I don’t know about you, but I found myself spending a lot of my time this past year longing for the time before – the time before the pandemic, before things fell apart, before I said yes, before I said no, before Mom and Dad died, before I graduated kindergarten, insert your own past tense here.  When present times are difficult the past is a much more inviting place to reside – and with each passing day, the past becomes longer and more encompassing just as the future grows dim.  In the comfort of the past, you have seen it all and you know how to make it through each day. You are, in fact, living proof of that certainty, you tell yourself. And those days of yore seem so much brighter and clearer too, don’t they? The unknown before us does not feel too inviting. There are too many ifs, too many chances to fail, too many chances to be hurt again; the days ahead are just too unsettling compared to the days of before that you know.

And yet, those happy times that kept coming back to me over and over again this past year weren’t making me happy. On the contrary, they just made the present seem more depressing and the days ahead even more obscure. Truth: You cannot remember the future. Keep trying and you will not have one.

“Stand at the crossroads and look; ask for the ancient paths, ask where the good way is, and walk in it, and you will find rest for your souls.”  ~ Jeremiah 6:16

Kierkegaard said that the more a man can forget, the greater the number of metamorphoses which his life can undergo; the more he can remember, the more divine his life becomes. My 2020 reflections helped me realize that I survived life. I know that sounds obvious from a 30,000-foot perspective, but when you are in the thick of things it is sometimes easy to forget that you survived that very past you long for.

The past I long for is what brought me to the moment I am in. Yes! At some point in my life, I had dreams and I chose to pursue them.

It was my dream for what could be that brought me to the point where I am today – searching in longing for the dreams I once had – or better – daring to dream the dreams I did that set me on the journey to today. When I was dreaming, my eyes, ears, and heart were open to the world around me, discovering things I had not known before and feeling safe despite the uncertainties that come with the unknown being discovered. Where did I get that feeling of security that allowed me to even dare to dream and where did it go?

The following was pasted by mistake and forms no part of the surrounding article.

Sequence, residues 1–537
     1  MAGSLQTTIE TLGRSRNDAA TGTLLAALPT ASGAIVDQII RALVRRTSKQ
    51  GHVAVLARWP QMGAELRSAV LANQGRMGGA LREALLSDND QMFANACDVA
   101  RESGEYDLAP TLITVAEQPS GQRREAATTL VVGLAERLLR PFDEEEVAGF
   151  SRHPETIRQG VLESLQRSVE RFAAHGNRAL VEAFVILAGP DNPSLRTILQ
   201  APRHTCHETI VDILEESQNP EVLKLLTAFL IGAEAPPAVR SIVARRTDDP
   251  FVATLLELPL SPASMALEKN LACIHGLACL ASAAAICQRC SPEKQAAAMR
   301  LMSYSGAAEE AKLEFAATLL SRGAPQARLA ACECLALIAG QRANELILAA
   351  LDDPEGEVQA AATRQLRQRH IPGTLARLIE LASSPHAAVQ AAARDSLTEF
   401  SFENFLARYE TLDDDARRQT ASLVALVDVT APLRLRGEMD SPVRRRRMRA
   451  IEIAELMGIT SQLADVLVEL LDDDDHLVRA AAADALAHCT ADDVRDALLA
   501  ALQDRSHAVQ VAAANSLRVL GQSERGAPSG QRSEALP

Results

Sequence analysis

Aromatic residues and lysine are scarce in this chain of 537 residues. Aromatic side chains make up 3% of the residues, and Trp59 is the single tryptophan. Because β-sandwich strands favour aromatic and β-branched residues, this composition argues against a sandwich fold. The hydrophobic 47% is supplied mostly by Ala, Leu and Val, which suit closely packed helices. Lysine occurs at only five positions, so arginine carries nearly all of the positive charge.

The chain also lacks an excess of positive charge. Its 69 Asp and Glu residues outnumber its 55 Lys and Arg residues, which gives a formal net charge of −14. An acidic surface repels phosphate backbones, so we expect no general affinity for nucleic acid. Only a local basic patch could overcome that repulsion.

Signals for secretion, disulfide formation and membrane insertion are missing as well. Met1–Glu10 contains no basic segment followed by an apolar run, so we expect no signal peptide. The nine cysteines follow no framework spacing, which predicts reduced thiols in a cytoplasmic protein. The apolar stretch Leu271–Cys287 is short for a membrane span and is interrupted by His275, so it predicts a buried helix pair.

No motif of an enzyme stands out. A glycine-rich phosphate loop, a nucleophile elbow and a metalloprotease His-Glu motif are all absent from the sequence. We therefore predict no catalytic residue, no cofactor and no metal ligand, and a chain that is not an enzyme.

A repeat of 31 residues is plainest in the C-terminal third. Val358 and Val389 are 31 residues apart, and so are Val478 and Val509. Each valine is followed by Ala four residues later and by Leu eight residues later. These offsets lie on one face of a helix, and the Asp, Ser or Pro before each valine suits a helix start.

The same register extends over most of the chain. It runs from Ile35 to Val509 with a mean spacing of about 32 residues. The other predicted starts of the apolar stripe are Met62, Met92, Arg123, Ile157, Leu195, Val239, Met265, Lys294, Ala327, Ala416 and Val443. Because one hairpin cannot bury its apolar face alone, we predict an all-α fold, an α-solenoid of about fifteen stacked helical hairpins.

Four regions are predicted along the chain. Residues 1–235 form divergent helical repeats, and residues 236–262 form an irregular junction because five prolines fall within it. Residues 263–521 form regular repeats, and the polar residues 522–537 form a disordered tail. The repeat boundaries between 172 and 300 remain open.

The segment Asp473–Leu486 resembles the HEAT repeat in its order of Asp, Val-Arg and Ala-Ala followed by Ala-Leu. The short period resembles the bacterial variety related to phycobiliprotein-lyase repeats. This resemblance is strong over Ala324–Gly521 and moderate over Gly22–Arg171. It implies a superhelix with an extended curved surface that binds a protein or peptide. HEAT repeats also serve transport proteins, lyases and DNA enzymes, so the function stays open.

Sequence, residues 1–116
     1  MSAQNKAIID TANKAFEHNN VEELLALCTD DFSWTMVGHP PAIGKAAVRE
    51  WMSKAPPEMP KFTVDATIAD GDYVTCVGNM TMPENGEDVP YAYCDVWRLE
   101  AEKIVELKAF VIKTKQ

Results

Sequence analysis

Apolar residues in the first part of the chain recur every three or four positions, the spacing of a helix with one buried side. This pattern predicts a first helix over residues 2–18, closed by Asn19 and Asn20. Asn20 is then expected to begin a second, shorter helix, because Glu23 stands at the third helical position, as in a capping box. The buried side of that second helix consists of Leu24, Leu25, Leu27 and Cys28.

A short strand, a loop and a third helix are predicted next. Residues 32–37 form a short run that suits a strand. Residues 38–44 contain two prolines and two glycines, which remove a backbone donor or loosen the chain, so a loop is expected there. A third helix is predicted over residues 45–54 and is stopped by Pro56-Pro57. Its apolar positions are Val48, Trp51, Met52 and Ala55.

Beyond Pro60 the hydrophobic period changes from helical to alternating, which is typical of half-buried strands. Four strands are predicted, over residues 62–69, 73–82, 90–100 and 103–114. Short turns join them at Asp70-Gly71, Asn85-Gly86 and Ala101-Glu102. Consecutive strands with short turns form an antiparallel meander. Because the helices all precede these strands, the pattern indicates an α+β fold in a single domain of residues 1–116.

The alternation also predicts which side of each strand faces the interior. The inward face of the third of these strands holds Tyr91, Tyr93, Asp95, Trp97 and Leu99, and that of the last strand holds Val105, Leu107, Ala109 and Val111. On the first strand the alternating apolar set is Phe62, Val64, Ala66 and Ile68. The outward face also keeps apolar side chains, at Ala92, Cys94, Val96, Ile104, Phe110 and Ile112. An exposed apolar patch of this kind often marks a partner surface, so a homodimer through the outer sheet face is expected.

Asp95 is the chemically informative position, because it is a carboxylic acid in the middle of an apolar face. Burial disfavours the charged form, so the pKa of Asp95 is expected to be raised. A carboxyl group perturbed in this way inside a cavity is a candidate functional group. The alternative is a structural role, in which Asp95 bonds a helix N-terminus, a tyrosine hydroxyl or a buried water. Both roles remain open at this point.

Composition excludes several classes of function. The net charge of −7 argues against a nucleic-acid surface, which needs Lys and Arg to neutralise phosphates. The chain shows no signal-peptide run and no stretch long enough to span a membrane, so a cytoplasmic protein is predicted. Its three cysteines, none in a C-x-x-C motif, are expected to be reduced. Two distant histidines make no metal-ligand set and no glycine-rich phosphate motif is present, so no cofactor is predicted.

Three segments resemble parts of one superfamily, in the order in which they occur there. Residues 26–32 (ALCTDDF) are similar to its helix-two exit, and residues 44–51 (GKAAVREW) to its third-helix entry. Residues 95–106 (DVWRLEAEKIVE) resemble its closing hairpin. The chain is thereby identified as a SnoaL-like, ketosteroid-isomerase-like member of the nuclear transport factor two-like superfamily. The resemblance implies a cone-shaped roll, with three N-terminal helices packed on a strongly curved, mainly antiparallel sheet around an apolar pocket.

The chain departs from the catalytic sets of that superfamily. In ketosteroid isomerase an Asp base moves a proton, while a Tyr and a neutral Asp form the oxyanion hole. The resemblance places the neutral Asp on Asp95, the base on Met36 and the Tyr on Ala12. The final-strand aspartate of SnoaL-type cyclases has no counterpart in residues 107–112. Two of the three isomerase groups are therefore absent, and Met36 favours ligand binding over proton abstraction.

In the fierce light of now, I find myself grounded in a reality more real than the illusions of what I dreamed of – searching for the hopeful, faith-filled, purpose-driven, and truly happy person I once was. My circumstances in 2020 exposed my fear of change, fear of losing control, my inability to trust, and my low opinion of myself. The dreamer I once was has since given too much power to the voices of the world to determine if I am admired, successful, attractive, courageous, and valued enough to be loved, to be worthy, to matter – to deserve to dream. The conditional nature of the world’s approval keeps me in a constant state of doing – trying and failing and trying again only to fail again because the conditions always change – the goalposts keep moving. I will never be enough by the world’s standards –  and the keyword here is BE. I am so busy doing that I have lost my sense of being and with that, my ability to dream. I forget that from my first breath to the core of my being, I was and am someone’s beloved. I was beloved in those rose-hued days long ago and I am beloved in the messiness of right now – without any doing on my part. Not a single condition is attached to this belovedness  – the only strings attached are the apron strings of God. And with God, I am free to dream.

For you created my inmost being; you knit me together in my mother’s womb. I praise you because I am fearfully and wonderfully made; your works are wonderful, I know that full well.” – Psalm 139: 13-14

With God I do not have to be afraid, I do not have to grasp for and hold onto the only life I know, unwilling to change. With God, I do not have to believe in the ways of the world. With God, I can dream of tomorrow.